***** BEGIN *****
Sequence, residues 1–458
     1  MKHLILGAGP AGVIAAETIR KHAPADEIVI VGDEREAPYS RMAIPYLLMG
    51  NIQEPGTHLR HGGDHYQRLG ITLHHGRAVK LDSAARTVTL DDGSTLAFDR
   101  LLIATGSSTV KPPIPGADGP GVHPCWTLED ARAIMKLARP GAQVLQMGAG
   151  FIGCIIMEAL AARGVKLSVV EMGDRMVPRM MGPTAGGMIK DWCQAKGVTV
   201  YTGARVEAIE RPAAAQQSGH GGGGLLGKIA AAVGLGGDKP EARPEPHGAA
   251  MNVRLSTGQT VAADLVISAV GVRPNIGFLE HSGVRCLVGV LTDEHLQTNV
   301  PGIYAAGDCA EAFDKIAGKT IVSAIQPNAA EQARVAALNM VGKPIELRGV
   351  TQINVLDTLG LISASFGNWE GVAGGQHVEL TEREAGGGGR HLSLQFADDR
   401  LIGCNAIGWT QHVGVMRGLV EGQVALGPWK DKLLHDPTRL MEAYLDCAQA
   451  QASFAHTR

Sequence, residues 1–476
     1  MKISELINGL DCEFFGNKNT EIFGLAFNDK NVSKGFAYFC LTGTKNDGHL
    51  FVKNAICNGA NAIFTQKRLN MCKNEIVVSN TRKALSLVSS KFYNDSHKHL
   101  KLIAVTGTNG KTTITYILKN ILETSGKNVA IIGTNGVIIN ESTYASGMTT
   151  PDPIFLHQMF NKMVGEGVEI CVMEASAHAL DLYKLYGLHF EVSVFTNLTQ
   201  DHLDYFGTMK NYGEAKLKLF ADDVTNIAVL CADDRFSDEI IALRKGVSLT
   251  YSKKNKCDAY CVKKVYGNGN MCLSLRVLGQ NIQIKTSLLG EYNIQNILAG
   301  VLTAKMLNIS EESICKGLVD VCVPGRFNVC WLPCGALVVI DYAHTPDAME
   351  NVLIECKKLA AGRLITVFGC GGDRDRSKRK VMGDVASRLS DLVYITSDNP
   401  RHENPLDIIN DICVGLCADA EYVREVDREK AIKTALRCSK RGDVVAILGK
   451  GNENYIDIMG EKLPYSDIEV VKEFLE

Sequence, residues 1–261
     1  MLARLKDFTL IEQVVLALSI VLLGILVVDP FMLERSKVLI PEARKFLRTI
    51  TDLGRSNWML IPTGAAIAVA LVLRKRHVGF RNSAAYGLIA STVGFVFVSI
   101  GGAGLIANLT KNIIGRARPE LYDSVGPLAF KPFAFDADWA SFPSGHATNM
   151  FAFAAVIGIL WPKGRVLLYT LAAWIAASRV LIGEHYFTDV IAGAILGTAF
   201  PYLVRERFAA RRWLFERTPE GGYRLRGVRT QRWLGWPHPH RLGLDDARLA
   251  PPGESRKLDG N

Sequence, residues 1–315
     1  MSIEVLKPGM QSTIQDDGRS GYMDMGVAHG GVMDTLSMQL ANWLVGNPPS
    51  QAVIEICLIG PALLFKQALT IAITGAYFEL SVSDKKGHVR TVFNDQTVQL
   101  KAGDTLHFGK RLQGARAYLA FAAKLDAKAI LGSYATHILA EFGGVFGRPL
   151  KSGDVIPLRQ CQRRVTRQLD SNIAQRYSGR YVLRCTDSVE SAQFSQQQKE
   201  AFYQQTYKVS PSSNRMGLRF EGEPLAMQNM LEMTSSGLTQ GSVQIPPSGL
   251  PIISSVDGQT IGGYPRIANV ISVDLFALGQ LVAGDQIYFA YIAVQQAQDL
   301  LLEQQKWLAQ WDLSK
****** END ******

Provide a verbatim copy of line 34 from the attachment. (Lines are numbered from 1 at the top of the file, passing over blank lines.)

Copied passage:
   151  KSGDVIPLRQ CQRRVTRQLD SNIAQRYSGR YVLRCTDSVE SAQFSQQQKE